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psychosis

Psychosis

Psychosis (Greek "psyche" for mind/soul, and "-osis" for abnormal condition or derangement) refers to an abnormal condition of the mind, and is a generic psychiatric term for a mental state often described as involving a "loss of contact with reality".  People suffering from psychosis are described as psychotic. Psychosis is a loss of contact with reality that usually includes: False beliefs about what is taking place or who one is (delusions) Seeing or hearing things that aren't there (hallucinations) A number of medical problems can cause psychosis, including: Alcohol and certain illegal drugs, both during use and during withdrawal Brain diseases, such as Parkinson's disease, Huntington's disease, and certain chromosomal disorders Brain tumors or cysts Dementia (including Alzheimer's disease) HIV and other infections that affect the brain Some prescription drugs, such as steroids and stimulants Some types of epilepsy Stroke Psychosis (or psychotic symptoms) may also...

Psychosis (Greek "psyche" fo...

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Thought Disorder

Thought Disorder

Thought Disorder underlies multiple mental illnesses. Symptoms: Flight of Ideas – Language may be difficult to understand,  it switches quickly from one unrelated idea to another. Long-winded and very delayed at reaching its goal Schizophasia – (Incoherence or Word salad) Characterized by confused usage of words with no apparent meaning or relationship attached to them.  Words are inappropriately strung together resulting in "gibberish." Alogia – (Poverty of Speech) Deficiency in content of speech compared to what level of information is normally expected. "One word" direct answers without expanding.  Another question must be asked to learn more. Blocking – Interruption of train of speech before completion. Forgets what one is saying (or not recall the topic) mid-speech. Circumstantiality – Speech that is highly detailed and very delayed at reaching its goal. Speaking about many concepts related to the point of...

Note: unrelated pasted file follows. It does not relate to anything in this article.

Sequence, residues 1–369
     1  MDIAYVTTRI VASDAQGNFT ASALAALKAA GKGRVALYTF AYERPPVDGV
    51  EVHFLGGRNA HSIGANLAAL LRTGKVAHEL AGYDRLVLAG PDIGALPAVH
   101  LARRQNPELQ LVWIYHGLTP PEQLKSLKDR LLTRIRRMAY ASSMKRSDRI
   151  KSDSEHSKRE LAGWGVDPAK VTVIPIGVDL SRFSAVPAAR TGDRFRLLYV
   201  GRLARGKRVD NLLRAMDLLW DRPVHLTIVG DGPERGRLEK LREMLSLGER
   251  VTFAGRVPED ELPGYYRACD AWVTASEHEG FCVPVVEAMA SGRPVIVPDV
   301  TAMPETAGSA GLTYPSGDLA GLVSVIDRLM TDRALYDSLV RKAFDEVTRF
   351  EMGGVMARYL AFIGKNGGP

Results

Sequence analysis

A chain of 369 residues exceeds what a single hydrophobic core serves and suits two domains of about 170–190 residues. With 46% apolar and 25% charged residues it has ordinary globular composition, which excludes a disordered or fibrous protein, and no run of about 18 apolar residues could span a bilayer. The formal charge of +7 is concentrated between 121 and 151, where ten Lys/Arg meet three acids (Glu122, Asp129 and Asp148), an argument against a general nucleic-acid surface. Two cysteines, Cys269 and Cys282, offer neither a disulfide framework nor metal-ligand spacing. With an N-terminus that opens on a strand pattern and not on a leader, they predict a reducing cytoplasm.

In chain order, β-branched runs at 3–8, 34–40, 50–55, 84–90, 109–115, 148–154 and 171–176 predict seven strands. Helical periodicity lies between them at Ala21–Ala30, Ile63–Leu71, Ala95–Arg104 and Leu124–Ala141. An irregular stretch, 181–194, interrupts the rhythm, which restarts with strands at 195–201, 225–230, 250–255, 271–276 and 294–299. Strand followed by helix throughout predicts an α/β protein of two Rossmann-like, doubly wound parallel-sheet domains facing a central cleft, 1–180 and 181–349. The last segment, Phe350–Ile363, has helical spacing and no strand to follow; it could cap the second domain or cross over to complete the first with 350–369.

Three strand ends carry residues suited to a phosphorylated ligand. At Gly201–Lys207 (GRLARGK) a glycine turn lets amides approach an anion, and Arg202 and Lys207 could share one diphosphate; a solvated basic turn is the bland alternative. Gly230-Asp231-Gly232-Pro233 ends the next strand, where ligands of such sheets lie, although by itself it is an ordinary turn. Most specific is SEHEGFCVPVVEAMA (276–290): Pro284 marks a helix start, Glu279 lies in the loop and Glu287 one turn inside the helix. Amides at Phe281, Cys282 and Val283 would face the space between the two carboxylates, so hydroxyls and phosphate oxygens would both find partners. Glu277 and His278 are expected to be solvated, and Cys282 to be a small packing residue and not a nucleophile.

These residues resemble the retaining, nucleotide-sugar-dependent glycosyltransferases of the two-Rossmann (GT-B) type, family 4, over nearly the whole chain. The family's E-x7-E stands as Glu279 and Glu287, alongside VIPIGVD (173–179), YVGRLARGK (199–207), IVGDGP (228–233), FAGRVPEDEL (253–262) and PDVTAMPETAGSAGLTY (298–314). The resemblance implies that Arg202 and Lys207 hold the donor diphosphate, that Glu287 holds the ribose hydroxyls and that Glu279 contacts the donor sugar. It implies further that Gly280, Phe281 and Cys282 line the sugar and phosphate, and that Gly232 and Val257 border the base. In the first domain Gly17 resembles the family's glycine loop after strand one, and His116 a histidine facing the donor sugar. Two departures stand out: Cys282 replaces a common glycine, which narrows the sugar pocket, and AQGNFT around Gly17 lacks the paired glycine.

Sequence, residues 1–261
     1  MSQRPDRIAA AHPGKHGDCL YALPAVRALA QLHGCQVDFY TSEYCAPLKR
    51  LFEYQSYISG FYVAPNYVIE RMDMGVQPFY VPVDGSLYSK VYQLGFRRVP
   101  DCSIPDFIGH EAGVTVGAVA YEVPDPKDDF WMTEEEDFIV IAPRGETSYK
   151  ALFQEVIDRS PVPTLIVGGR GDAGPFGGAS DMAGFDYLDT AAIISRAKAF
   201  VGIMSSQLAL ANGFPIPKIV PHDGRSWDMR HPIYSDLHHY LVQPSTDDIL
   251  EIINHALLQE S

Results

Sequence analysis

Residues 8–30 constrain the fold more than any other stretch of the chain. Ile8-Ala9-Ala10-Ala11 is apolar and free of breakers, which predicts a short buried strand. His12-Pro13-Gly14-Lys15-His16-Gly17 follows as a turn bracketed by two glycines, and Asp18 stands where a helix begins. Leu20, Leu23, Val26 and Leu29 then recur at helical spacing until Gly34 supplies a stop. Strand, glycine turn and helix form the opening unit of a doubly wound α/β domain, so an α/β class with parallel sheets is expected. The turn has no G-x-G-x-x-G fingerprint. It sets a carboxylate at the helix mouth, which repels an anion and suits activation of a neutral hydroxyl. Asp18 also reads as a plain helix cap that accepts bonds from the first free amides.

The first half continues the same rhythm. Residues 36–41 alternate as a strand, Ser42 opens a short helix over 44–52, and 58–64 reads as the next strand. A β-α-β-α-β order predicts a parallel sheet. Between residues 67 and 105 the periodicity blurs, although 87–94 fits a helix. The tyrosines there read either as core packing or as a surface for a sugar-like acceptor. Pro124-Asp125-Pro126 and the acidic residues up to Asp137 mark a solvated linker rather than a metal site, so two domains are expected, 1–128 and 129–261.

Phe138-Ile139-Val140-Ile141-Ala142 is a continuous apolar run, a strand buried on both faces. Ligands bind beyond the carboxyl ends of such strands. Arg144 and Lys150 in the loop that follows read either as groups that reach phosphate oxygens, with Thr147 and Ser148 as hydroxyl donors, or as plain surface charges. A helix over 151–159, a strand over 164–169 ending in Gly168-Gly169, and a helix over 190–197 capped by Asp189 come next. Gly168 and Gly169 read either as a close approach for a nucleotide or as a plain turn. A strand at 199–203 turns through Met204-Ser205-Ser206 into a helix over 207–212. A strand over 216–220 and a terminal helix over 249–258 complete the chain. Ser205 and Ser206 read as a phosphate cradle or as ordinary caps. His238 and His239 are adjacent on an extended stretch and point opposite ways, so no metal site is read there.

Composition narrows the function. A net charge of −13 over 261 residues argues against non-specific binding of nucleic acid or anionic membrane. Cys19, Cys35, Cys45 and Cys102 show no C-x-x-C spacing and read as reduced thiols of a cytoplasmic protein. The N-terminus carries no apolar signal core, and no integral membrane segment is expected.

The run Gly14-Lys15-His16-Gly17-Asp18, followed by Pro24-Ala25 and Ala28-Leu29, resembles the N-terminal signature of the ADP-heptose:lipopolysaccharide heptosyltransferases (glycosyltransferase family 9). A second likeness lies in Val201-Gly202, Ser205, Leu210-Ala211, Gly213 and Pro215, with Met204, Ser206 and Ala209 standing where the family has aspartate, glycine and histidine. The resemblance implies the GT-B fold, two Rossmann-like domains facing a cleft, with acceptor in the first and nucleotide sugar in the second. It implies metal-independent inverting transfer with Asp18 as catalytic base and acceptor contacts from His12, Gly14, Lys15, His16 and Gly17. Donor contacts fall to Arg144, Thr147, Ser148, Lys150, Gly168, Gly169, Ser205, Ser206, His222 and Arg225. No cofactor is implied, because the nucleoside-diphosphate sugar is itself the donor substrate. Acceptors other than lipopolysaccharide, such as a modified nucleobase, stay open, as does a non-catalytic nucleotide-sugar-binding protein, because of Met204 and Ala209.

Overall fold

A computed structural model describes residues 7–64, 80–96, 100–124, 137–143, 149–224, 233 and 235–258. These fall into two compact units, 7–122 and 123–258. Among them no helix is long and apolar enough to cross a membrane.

Thought Disorder underlies mu...

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Schizoaffective Disorder

Schizoaffective Disorder

Schizoaffective disorder has features that resemble both Schizophrenia and Mood (affective) Symptoms. A person who has Schizoaffective Disorder will experience delusions, hallucinations, other symptoms that are characteristic of schizophrenia and significant disturbances in their mood. People who experience more than two weeks of psychotic symptoms in the absence of severe mood disturbances—and then have symptoms of either Depression or Bipolar Disorder—may have Schizoaffective Disorder. Depressive symptoms associated with Schizoaffective disorder can include—but are not limited to— hopelessness helplessness guilt worthlessness disrupted appetite disturbed sleep inability to concentrate, depressed mood (with or without suicidal thoughts). Manic (Bipolar) symptoms associated with Schizoaffective Disorder can include — increased energy decreased sleep (or decreased need for sleep) distractibility fast (“pressured”) speech increased impulsive behaviors (e.g., sexual activities, drug and alcohol abuse, gambling or spending large amounts of money) Sometimes people with other...

Schizoaffective disorder has f...

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